The LuLac Edition #3370, December 7th, 2016
Just before 8 a.m. on December 7, 1941, hundreds of Japanese fighter planes attacked the American naval base at Pearl Harbor near Honolulu, Hawaii. The barrage lasted just two hours, but it was devastating: The Japanese managed to destroy nearly 20 American naval vessels, including eight enormous battleships, and more than 300 airplanes. More than 2,000 Americans soldiers and sailors died in the attack, and another 1,000 were wounded. The day after the assault, President Franklin D. Roosevelt asked Congress to declare war on Japan; Congress approved his declaration with just one dissenting vote. Three days later, Japanese allies Germany and Italy also declared war on the United States, and again Congress reciprocated. More than two years into the conflict, America had finally joined World War II.
no one believed that the Japanese would start that war with an attack on American territory. For one thing, it would be terribly inconvenient: Hawaii and Japan were about 4,000 miles apart. For another, American intelligence officials were confident that any Japanese attack would take place in one of the (relatively) nearby European colonies in the South Pacific: the Dutch East Indies, for instance, or Singapore or Indochina. Because American military leaders were not expecting an attack so close to home, the naval facilities at Pearl Harbor were relatively undefended. Almost the entire Pacific Fleet was moored around Ford Island in the harbor, and hundreds of airplanes were squeezed onto adjacent airfields. To the Japanese, Pearl Harbor was an irresistible target.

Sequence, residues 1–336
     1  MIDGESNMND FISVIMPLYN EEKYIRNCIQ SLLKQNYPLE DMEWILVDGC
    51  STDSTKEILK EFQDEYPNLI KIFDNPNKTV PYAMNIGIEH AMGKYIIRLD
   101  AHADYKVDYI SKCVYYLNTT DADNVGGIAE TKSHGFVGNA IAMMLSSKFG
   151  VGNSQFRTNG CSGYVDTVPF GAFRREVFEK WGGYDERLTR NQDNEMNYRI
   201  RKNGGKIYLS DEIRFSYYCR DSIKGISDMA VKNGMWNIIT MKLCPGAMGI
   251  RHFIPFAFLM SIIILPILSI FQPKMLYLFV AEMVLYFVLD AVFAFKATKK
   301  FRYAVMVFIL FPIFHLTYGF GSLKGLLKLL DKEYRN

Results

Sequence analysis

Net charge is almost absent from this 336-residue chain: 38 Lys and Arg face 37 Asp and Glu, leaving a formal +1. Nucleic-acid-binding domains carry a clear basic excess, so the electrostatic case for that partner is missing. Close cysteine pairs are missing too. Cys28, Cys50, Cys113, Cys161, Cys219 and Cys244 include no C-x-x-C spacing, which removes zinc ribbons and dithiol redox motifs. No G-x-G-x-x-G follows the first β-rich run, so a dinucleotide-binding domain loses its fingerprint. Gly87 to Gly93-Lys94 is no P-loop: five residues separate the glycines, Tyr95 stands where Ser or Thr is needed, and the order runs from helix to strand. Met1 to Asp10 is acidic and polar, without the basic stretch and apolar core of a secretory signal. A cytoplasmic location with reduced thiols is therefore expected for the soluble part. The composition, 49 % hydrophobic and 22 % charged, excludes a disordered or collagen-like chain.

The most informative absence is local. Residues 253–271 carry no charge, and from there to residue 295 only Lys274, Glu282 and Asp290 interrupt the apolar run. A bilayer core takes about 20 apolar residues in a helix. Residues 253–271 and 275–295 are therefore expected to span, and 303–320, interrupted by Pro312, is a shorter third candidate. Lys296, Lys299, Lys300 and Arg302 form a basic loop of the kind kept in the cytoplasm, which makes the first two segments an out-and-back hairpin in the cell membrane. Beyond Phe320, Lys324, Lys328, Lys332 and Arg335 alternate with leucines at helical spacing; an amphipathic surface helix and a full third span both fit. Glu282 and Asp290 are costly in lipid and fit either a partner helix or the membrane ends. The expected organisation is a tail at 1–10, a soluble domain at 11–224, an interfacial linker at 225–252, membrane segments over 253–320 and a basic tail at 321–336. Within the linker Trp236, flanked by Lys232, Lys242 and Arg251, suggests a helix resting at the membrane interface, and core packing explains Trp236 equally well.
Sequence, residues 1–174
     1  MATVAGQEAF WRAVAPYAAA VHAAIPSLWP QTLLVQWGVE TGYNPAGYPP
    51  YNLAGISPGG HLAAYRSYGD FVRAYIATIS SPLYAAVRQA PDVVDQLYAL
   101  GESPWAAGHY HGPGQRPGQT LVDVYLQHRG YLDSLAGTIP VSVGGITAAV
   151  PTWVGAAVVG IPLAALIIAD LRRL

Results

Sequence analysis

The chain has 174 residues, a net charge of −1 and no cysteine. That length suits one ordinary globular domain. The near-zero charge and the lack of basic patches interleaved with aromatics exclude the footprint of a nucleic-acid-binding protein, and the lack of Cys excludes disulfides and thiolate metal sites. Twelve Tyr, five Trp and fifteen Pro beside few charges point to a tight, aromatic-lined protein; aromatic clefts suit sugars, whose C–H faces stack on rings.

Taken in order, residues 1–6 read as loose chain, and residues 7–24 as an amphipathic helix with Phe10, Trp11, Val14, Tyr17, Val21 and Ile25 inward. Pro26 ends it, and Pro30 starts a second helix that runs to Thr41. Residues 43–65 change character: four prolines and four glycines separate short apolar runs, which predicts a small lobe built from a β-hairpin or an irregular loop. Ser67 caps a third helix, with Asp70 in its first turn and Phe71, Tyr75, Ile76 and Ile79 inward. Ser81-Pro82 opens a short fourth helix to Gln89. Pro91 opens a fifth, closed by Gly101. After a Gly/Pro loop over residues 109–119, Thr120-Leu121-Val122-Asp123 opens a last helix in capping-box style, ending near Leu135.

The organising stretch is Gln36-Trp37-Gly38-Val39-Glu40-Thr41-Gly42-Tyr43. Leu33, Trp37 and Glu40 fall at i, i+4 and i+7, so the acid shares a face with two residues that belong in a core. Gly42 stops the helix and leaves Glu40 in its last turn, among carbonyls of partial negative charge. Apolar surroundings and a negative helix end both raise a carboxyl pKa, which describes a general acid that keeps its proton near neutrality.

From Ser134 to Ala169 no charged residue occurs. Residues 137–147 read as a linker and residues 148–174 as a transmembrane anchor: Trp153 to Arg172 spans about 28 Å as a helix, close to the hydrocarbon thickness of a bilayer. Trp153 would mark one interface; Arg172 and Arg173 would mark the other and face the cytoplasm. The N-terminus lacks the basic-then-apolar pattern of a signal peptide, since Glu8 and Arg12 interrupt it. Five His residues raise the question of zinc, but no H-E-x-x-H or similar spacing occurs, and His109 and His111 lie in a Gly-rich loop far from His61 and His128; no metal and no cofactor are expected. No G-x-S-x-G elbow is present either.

The Japanese plan was simple: Destroy the Pacific Fleet. That way, the Americans would not be able to fight back as Japan’s armed forces spread across the South Pacific. On December 7, after months of planning and practice, the Japanese launched their attack.
Japanese planes filled the sky over Pearl Harbor. Bombs and bullets rained onto the vessels moored below. At 8:10, a 1,800-pound bomb smashed through the deck of the battleship USS Arizona and landed in her forward ammunition magazine. The ship exploded and sank with more than 1,000 men trapped inside. Next, torpedoes pierced the shell of the battleship USS Oklahoma. With 400 sailors aboard, the Oklahoma lost her balance, rolled onto her side and slipped underwater. By the time the attack was over, every battleship in Pearl Harbor–USS Arizona, USS Oklahoma, USS California, USS West Virginia, USS Utah, USS Maryland, USS Pennsylvania, USS Tennessee and USS Nevada–had sustained significant damage. (All but USS Arizona and USS Utah were eventually salvaged and repaired.) (Source: history.com)